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Nationhood is made up of...: NSA Ajit Doval

Source: PTI
April 10, 2024 14:44 IST
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Nationhood is constituted by people who share a "common sense of their history" and a "common vision of their future", National Security Advisor Ajit Doval said as he released an 11-volume book series that charts different phases of the history of ancient India and its accomplishments.

IMAGE: National Security Advisor Ajit Doval speaks during the book launch of History of Ancient India organised by Vivekananda International Foundation (VIF), New Delhi, April 9, 2024. Photograph: Jitender Gupta/ANI Photo

Addressing a gathering at the launch event in New Delhi on Tuesday, the NSA said, "People who have got a different sense of history, 'if my hero is your villain', you and I cannot make a nation."


Describing India as a "civilisation of antiquity" and "civilisation of continuity" spanning thousands of years, Doval also said that it was a "paradox" that the narrative that has been brought is that probably, "the first chapter about Indian history in any western, this thing... is that it starts with Alexander".

After releasing the series History of Ancient India, published by Vivekananda International Foundation (VIF) and Aryan Books, he said it consists of scholarly papers contributed by a "large body of scholars".

Vol I of the series, which covers a vast array of fields, is titled 'Prehistoric Roots' while Vol IX is on 'Science and Technology, Medicine'.

Doval said while discussing the project during its inception phase several years ago with S Gurumurthy, VIF chairperson, he had shared the "new idea and thinking" to contribute to something that would be able to give a "new sense of identity and pride, not only to our countrymen but also to our coming generations".

"Our self-image, our identity is deeply connected to your own perception of history, and... perception of what you are," the NSA said.

He described the series as not an end, but a "means to an end", and the end objective is to build "a nation on the basis of a sense of common heritage, of common background from which we come from, having pride in our ancestry and achievements of the past, and having a vision for the future".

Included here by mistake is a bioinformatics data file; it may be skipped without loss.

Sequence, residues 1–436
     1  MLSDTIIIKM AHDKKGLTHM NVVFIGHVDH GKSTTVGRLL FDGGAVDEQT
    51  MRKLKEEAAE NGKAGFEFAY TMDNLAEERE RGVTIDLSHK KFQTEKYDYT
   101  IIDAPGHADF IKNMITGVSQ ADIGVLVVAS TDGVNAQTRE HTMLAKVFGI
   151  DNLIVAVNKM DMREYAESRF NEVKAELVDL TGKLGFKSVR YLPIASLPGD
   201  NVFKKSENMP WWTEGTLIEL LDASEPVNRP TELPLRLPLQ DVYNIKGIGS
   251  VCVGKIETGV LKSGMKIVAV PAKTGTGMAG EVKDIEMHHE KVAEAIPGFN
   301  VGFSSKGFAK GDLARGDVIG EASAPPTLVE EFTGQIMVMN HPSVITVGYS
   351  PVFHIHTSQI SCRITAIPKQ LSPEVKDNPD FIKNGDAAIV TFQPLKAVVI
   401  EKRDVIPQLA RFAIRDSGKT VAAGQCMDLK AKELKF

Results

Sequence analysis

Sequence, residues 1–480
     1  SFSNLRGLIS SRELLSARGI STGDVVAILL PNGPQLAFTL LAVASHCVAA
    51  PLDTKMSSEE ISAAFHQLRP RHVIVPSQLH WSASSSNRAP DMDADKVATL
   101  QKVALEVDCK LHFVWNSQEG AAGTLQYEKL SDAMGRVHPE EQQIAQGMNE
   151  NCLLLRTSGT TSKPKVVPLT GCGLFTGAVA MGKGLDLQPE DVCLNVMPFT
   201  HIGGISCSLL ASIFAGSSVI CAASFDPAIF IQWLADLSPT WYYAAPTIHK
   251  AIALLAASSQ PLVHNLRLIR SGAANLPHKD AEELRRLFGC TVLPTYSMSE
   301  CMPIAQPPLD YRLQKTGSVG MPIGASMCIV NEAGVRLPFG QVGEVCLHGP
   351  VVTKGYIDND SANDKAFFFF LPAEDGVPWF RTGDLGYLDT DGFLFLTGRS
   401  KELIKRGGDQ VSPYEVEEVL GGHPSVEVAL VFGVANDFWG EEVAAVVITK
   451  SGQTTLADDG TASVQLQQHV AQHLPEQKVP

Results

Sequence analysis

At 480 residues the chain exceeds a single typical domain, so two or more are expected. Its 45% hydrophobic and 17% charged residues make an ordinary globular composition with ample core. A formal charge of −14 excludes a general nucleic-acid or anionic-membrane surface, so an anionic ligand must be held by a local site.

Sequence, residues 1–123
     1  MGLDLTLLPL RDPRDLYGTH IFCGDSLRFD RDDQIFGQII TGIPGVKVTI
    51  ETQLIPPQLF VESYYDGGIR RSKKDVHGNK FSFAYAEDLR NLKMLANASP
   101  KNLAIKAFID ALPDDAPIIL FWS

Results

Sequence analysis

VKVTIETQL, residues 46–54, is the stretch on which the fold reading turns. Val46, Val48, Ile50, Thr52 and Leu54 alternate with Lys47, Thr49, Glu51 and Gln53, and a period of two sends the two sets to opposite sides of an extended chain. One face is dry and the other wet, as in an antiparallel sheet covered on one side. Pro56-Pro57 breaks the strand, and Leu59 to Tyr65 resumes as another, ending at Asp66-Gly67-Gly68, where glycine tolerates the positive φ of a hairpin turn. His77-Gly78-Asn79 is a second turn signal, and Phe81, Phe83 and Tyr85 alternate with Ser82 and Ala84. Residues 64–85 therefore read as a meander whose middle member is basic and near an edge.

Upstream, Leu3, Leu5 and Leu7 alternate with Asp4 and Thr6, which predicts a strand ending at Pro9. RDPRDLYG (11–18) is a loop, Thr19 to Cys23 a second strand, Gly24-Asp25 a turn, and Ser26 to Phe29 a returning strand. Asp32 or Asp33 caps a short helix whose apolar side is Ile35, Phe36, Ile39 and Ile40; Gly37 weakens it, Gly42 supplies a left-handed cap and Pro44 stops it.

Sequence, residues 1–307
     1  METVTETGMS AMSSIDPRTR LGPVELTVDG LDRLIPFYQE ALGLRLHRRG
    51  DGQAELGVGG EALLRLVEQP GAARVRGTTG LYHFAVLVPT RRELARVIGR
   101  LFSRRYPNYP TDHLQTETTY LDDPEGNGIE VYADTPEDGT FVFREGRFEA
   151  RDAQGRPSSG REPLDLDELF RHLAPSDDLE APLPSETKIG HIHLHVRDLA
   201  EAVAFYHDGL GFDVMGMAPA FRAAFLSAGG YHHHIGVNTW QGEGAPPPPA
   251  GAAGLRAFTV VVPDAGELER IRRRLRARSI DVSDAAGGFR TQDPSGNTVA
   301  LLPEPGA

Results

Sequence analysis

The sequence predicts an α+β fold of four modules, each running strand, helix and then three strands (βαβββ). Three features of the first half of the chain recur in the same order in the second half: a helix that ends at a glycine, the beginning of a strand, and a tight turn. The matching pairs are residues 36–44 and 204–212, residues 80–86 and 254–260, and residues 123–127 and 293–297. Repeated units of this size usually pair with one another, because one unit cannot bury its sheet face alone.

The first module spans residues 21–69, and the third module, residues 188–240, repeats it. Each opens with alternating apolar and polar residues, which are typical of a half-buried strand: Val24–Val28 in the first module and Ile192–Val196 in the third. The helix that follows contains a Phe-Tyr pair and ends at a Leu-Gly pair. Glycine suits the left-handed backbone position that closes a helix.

Earlier in his speech, Doval said nations or members of nationhood are "those people who share a common sense of their history, common sense of our ancestors, common sense of their achievements of their past, and a common vision of their future. All those who believe in that they make one nation. People who have got a different sense of history, 'if my hero is your villain', you and I cannot make a nation".

He said the research papers are of "very high quality" and "great references" have been quoted.

There are a few aspects about Indian history that nobody questions, including "our detractors", he said.

"One is its antiquity, that it is one of the oldest civilisations, and probably a human life had evolved, and society had perfected to a very high (level). Now, who did it? Were they the original people or they came from outside?

"There may be a bias about that but they will all say that this is a civilisation of antiquity. The second is its continuity. It has been continuing for thousands of years without disruption. And, the third feature, its vast expanse, where the footprint of the civilisation was very visible," he added.

On Alexander's connection with India, Doval cited William Jones and said that he was a big Sanskrit scholar who said that "nowhere in Sanskrit or Pali or Prakrit literature or local dialects, he could find any mention of Alexander". There is "no mention", the NSA added.

It was a "non-event, it was a very small event of history" where some raiders on horseback probably wanted to plunder, but faced resistance and returned.

"But you make such a mountain of it as if the world history has changed with Alexander the great conqueror," he said.

Foreign domination was "responsible to some extent" for the feeling of nationhood not developing, he said.

Then, there was a deliberate attempt to "destroy" the vestiges of the proof of that. Now, it's not only the temple, the religious bigotry. But institutions like Nalanda or Taxila universities, or the libraries, etc, were the "prime targets", they had to be destroyed and any sources from where Indians could connect themselves to their glorious past, he added.

But, there was another reason -- Indians' mindset. "For us events and personalities were very secondary," Doval said.

"Now, this combination of these factors deprived us of our own existence and identity. And history is important for your identity," he said.

Doval said anything that scholars have quoted or any inference drawn in this work is based on a "solid, scientific foundation".

"When we started the project, we said, let it be totally authentic, we don't want to generate propaganda material. The foundation of such kind of intellectualism does not have a long shelf life," he said.

The volume is "bulky and expensive" and so its dissemination is a bit constrained.

He said Prime Minister Narendra Modi was presented this work and told about it, and it has found "a place of prominence in his library".

The prime minister suggested that these can be donated to libraries and that idea is still there.

The NSA further said "maybe we probably will accomplish" it and send it to various western and eastern universities. The people associated with the upcoming maritime museum in Lothal, Gujarat, have also shown interest in this, he said.

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